- How Long Does Methadone Stay In Your System?
- How Long Does Methadone Stay In The Body?
- Drug Tests Used To Detect Methadone
- Health Factors That Influence How Long It Stays In The System
- Side Effects
- Getting Assistance and Resources For Abuse And Addiction Treatment
- How Long Does Methadone Stay in Your Urine, Blood & Hair?
- How Long Does Methadone Stay in Your System?
- Factors That Affect How Long Methadone Stays in Your System
- How Long Does it Take for Methadone to Work?
- How Long Does it Take for Methadone to Wear Off?
- What is the Drug’s Half-Life?
- How Long is Methadone Detectable in a Drug Test?
- How to Get Methadone Your System
- Symptoms of Methadone Addiction
- Treatment Options for Opioid Abuse & Addiction
- Medication-Assisted Therapy (MAT)
- Inpatient Programs
- Partial Hospitalization Programs (PHPs)
- Outpatient Programs
- Treatment Options for Methadone Addiction
- What's Next?
How Long Does Methadone Stay In Your System?
Methadone is a medication most commonly used in the treatment of heroin or other opioid addiction. This drug is typically administered during medication-assisted treatment (MAT) and works by easing symptoms of withdrawal and reducing cravings for opioids. Methadone may also be used to treat pain, as it is typically less expensive than other pain medications such as morphine.
Methadone can be detected in the body for up to two weeks after the last use. There are several factors that may influence how long this drug is in the system.
If you or a loved one is struggling with methadone abuse or addiction, seeking treatment is the best way to overcome a substance use disorder.
Vertava Health has treatment centers throughout the United States that offer evidence-based recovery programs for people dealing with methadone addiction.
How Long Does Methadone Stay In The Body?
Opinions about the exact amount of time methadone can stay in the system vary drastically, with reports being anywhere from two to 14 days.
However, the drug is typically only active in the system for up to 60 hours after ingesting it.
This means that while the drug may still be detectable in the system for much longer, the effects of the drug will have completely worn off after two to three days.
The half-life of methadone can vary greatly depending on whether the individual is tolerant to opioids.
For a person who is used to taking opioids, such as someone addicted to heroin, the half-life of methadone is typically around 24 hours.
However, for someone who is not used to taking opioids, the half-life can be up to 55 hours. After five to six half-lives have passed, the drug is typically the system.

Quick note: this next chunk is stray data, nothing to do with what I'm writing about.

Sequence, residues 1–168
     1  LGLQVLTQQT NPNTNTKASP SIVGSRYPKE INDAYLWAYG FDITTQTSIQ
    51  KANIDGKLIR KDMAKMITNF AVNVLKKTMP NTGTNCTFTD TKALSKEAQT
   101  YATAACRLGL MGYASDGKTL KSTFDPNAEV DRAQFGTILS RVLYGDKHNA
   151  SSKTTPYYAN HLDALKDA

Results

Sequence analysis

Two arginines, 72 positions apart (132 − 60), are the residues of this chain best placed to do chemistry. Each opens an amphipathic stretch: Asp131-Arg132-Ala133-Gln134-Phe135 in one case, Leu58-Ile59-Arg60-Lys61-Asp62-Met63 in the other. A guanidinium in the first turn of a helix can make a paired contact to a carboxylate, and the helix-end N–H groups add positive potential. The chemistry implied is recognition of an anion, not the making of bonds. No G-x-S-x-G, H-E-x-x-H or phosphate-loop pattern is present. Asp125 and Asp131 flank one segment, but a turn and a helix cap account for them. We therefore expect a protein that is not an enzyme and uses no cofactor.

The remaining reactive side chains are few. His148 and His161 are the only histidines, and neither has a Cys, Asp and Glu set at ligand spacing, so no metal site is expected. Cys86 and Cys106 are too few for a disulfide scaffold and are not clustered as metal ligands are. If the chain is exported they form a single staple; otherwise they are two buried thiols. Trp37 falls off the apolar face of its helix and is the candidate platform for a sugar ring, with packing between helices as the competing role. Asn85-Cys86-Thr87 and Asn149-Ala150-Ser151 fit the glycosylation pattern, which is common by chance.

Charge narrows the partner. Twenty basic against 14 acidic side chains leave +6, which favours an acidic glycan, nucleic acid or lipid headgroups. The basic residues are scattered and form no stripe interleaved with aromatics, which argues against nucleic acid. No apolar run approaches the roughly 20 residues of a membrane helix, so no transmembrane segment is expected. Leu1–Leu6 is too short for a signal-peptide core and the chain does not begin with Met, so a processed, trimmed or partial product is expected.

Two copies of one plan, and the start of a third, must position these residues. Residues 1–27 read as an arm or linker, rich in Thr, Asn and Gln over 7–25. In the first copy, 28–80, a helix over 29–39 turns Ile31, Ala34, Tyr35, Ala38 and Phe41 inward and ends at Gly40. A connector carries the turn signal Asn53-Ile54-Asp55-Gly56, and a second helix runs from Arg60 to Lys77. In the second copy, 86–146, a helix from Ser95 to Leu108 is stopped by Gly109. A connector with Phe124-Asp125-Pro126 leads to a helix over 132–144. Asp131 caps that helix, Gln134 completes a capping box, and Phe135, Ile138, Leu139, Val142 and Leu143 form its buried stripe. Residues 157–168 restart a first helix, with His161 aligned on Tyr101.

Find out about available programs and other treatment options.
Drug Tests Used To Detect Methadone
There are a number of drug tests that can be used to detect methadone in a person’s system. The most common test used is a urine test. Urine tests are often the least invasive and most accurate at detecting substances in a person’s body.
The following are the different types of drug tests that can detect methadone and their approximate times of detection:
- Urine Tests — Can detect methadone one hour after ingestion and up to two weeks after the last use
- Blood Tests — May detect the drug as soon as 30 minutes after taking it and up to three or four days after the last use
- Saliva Tests — Can be used to test for methadone use for several days after using the drug
- Hair Tests — Long-term use of methadone can be detected in the hair for several months after using the drug
Each test can vary in how long it can detect methadone in the system depending on a number of personal factors. However, it’s typically believed that methadone will be completely the body after 14 days.
Health Factors That Influence How Long It Stays In The System
As mentioned previously, there are several factors that can influence how long methadone stays in a person’s system.
To begin, the more methadone a person uses, the more ly he or she is to have the drug in the system longer. This is also true for individuals who take methadone for an extended period of time.
Methadone can build up in the system, causing it to be detectable in the body longer than if someone only takes it once or twice.
Additionally, people who are younger and in better shape will typically be able to eliminate methadone from their systems faster than individuals who are older and less healthy. This is because younger, healthier individuals often have faster metabolisms, making it easier for the body to process and rid itself of the drug more quickly.